Dorset Council is expected to save £250,000 a year by implementing new technology that enables home care services users and newly-discharged patients to live independently for longer.
Lilli, a UK company using machine learning to revolutionise home care, is partnering with the council in a three-month pilot to identify the cost and time-savings in care provision that could be made through preventive intervention and reduced visits.
Dorset Council is piloting use of Lilli technology across five social care teams caring for 100 people in their homes. The aim is save front-line teams between three and five hours each week.
The pilot also seeks to delay entry to residential care and reduce the number of crisis events affecting individual service-users.
So far, the pilot’s estimated results indicate that use of Lilli technology will result in annualised savings of 780 hours of occupational therapy time and cost savings of £250,000.
The results indicate Dorset Council can reduce the frequency of daily visits to newly-discharged patients, saving up to £4,000 per person annually. And by enabling someone to remain at home rather than go into residential care, the council could save more than £30,000 per year per person.
Lilli’s solution uses machine learning to analyse a range of data sources, such as temperature, motion, and power usage, creating algorithms specific to each user’s daily life in their home.
Whenever their behaviour indicates a possible deterioration in health or wellbeing, care teams are alerted, with follow-up interventions by GPs, district nurses or community rehabilitation teams as appropriate.
The solution detects deterioration without false positives, allowing clinicians to act preventively before more complex treatment is unavoidable.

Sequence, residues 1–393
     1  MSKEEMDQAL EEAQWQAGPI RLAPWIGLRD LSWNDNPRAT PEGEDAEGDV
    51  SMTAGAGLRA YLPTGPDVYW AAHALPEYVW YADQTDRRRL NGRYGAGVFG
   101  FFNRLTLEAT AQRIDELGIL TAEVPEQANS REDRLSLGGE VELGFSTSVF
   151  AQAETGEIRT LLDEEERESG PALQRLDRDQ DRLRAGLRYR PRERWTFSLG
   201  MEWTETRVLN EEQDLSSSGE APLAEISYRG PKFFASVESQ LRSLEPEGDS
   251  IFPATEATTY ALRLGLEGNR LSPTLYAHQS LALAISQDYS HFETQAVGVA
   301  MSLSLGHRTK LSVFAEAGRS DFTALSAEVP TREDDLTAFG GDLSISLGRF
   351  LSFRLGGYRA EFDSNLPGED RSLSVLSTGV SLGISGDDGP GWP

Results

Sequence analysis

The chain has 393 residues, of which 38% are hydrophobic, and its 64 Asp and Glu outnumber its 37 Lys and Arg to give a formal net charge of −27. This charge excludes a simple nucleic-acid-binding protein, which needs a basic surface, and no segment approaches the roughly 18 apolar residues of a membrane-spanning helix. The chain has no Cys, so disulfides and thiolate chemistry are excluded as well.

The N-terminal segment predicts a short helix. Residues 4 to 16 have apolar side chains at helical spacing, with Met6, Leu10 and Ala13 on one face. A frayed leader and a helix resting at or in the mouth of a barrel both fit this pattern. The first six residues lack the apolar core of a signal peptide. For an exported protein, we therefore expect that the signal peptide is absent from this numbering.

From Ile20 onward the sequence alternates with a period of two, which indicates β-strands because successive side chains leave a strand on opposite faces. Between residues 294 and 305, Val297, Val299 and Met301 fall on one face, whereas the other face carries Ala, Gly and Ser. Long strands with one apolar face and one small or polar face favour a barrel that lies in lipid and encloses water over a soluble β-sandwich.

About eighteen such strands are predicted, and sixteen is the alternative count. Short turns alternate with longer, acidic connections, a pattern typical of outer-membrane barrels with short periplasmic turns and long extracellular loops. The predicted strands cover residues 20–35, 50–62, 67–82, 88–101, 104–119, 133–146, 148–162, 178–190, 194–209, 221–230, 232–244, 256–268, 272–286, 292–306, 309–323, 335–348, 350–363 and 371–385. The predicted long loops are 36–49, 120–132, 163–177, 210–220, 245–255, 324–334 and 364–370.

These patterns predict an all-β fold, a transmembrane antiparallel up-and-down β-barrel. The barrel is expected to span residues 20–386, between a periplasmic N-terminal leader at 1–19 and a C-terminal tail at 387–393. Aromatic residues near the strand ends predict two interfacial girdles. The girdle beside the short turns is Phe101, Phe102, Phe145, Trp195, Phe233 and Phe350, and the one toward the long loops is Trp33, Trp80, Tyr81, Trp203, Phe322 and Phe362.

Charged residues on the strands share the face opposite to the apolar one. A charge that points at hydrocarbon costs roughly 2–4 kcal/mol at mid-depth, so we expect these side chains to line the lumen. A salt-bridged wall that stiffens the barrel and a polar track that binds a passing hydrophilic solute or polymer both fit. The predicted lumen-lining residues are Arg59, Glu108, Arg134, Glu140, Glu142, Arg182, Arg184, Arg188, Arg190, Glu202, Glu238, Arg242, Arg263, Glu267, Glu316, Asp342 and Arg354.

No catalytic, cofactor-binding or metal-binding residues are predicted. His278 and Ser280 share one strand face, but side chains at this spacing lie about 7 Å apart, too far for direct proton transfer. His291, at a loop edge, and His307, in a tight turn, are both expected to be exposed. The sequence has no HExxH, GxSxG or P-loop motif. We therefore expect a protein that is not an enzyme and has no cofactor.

Cllr Piers Brown, Lead Member for Health at Dorset Council, said: “We are pleased to partner with Lilli on this important pilot.
“It has the potential to improve provision across Dorset and our partner organisations in the NHS, making sure we are able to support people safely in their own homes and they can be discharged from hospital using the D2A (discharge to assess) pathway to support their ongoing recovery. We have a strong belief in focussing on what’s important to the people we support, looking at their strengths, what they can do rather than what they can’t, so we are tailoring the pilot around these themes.”
Nick Weston, chief commercial officer at Lilli, said: “Using this technology, over-stretched health and social care providers can intervene earlier while monitoring at a distance, reducing the need for hospital admissions or residential care and lowering costs. Tech will not replace care by humans, but it will improve it.”
The trial was facilitated through the Independent Future Group (IFG). Formed by Lilli, the IFG is a coalition of forward-thinking local authorities and professional care associations which aims to explore the further use of technology and help address the changing needs of care.